Friday, May 26, 2023

No More Funny Names


Let’s say your child is in their early elementary school years. They come home from school and say, “There’s a girl in my class with a funny name!” 

What do you do?

Do you ignore it? Do you laugh along at the sound of the funny name? Do you go the educational route and research together where that funny name comes from, how it evolved? 

Do you try to explain to your young child that saying someone has a funny name is singling them out in a mocking way? That nobody feels good about being told they have a funny name? 

  • Or clothes
  • Or lunch
  • Or accent

It starts early. Young children notice differences, and that is completely natural. But there is a distinction between thinking “that name sounds different from my name” and “that’s a funny name!” One is an observation, the other is a value judgement. And, as innocent as it may seem, it can grow over time into a way to “other” people who are different and reinforce a mindset that some people are “normal” while others are not.

This can be hurtful and exclusionary whether it’s in a school lunch room or in a business board room. In the US it continually underscores the belief that white people are the norm, so much so that it feels perfectly acceptable to single out those who are different in jokes, unwelcome questioning, and narrow value judgments. 

How easy this is to do in majority white environments. How easy it is to want to maintain majority white environments that feel “normal” to you so you are comfortable.

Yesterday my family attended the graduation ceremony at UMBC. We’ve known all along how committed the school is to diversity, equity, and inclusion and that means a lot to us. President Emeritus Freeman Hrabowski’s commitment to recruiting and supporting first-generation students and those who have traditionally been underserved by higher education has always been a huge plus to us. That is the future we want for our kids:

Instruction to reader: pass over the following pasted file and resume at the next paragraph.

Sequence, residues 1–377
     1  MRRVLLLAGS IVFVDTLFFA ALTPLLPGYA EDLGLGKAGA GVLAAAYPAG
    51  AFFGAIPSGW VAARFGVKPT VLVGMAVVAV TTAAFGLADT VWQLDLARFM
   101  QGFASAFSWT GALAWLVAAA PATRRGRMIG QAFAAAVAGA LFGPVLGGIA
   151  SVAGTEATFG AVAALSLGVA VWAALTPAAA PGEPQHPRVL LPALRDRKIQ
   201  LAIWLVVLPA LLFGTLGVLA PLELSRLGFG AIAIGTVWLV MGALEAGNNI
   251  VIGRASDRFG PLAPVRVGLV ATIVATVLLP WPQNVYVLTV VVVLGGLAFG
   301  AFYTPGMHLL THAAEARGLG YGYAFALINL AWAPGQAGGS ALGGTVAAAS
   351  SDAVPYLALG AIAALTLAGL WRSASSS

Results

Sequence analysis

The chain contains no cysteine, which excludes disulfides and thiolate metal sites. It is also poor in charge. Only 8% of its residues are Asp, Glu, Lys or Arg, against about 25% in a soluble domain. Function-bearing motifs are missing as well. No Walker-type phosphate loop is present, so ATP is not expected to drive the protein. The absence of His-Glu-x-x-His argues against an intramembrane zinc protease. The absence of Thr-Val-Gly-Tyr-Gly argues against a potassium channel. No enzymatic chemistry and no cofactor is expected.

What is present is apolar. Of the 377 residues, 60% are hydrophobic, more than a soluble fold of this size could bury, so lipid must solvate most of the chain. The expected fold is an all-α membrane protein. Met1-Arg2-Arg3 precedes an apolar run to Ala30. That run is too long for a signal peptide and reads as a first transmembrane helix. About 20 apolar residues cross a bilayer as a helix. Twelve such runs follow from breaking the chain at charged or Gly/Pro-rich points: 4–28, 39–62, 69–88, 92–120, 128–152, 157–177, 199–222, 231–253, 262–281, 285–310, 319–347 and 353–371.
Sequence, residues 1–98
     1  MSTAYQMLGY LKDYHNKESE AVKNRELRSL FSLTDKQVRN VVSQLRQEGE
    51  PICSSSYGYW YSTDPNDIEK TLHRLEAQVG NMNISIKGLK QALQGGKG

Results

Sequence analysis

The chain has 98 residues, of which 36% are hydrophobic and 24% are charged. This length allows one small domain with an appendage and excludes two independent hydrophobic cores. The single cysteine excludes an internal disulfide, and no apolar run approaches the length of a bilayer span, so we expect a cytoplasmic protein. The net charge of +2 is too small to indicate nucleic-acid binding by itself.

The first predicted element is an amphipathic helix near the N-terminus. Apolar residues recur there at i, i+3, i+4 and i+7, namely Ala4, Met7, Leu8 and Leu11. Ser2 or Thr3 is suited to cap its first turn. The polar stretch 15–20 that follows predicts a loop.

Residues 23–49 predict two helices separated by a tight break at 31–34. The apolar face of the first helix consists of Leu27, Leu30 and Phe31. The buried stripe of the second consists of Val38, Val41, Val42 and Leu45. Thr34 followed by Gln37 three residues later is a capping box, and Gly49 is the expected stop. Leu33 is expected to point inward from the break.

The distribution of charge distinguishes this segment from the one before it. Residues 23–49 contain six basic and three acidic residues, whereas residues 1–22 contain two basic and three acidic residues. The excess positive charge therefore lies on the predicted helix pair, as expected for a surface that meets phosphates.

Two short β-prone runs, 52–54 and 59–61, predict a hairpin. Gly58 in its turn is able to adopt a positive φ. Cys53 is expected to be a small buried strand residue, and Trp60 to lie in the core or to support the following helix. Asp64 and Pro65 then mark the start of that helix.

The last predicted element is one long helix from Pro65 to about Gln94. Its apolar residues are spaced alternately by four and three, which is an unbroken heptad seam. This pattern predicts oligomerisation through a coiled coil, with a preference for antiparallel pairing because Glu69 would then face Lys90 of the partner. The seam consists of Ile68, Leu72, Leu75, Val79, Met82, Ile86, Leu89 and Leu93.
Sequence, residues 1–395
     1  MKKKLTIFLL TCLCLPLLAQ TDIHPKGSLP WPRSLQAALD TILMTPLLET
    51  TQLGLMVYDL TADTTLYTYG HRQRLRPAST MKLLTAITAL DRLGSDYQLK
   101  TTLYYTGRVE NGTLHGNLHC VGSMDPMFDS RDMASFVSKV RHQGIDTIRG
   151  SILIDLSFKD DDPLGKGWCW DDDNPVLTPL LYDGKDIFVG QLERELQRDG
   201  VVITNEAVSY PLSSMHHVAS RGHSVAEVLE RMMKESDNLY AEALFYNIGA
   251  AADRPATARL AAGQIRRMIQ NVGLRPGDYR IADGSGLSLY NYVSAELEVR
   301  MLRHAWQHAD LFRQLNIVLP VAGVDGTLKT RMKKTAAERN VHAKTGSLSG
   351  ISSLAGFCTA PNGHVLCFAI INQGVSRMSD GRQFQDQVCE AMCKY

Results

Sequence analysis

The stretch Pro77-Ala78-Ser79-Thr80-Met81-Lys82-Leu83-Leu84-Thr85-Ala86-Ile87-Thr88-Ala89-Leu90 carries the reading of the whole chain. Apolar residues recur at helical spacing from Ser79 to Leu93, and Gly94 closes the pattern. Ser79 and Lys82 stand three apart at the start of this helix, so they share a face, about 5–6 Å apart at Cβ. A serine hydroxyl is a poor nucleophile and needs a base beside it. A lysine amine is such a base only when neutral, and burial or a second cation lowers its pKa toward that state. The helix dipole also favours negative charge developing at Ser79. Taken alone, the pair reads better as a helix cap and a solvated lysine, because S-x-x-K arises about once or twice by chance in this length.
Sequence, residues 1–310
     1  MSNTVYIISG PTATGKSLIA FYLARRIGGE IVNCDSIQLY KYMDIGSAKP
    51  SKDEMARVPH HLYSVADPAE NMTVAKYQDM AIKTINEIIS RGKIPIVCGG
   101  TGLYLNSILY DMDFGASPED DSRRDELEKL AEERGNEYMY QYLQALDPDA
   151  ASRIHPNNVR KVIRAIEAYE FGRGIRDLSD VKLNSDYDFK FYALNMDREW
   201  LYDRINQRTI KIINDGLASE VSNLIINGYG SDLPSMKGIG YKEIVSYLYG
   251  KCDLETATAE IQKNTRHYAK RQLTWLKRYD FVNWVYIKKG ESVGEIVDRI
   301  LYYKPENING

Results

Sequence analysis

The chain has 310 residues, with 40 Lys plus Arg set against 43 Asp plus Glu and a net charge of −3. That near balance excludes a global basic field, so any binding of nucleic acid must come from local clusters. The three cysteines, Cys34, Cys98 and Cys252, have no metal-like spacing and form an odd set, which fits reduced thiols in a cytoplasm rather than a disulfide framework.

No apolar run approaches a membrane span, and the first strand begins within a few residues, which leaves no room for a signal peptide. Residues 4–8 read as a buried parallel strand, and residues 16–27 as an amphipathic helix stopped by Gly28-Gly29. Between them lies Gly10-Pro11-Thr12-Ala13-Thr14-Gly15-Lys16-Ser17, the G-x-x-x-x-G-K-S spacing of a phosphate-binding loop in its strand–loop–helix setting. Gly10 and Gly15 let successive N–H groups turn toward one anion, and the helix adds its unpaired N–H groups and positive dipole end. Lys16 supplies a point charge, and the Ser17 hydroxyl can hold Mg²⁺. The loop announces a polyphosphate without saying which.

Education should be for everyone. Narrowing the gates creates losers all around. Having a chosen few sacrifices the talents and potential of those who are excluded.

The success of UMBC’s commitment to these goals was apparent at graduation. I could give you a list of ways I observed this, but I’m going to focus on just one.

There were no funny names. 

I believe there were over six hundred graduates in this particular ceremony and the names and nationalities and ethnic origin and skin color  hair styles and body type and gender expression were so varied and diverse that what was “normal” was, essentially, the overwhelming diversity of the whole. 

It was powerful. 

No one stood out. No one was “different” in that “ha-ha, funny” kind of way. 

I am not saying, “I don’t see differences” in a way that erases. I am saying that all of the differences are so fully encouraged, accepted, and celebrated that there’s just no traction for the notion that there are the “normal” students and the “other” ones.

That’s what I saw, anyway. And I know that the presence of all the graduates in that room is a testament not only to their hard work and their family’s support but also to UMBC’s continuing mission to make higher education accessible and inclusive. That environment elevates the educational experience for all students. It’s an investment in a better future for all of us.


This post is dedicated, in gratitude, to Candace Dodson Reed. While our recent graduate was matriculating, she was serving as as the Chief of Staff to Freeman Hrabowski and Executive Director of the Office of Equity and Inclusion. Her work, along with that of many others at UMBC, has made the future a more inclusive place.

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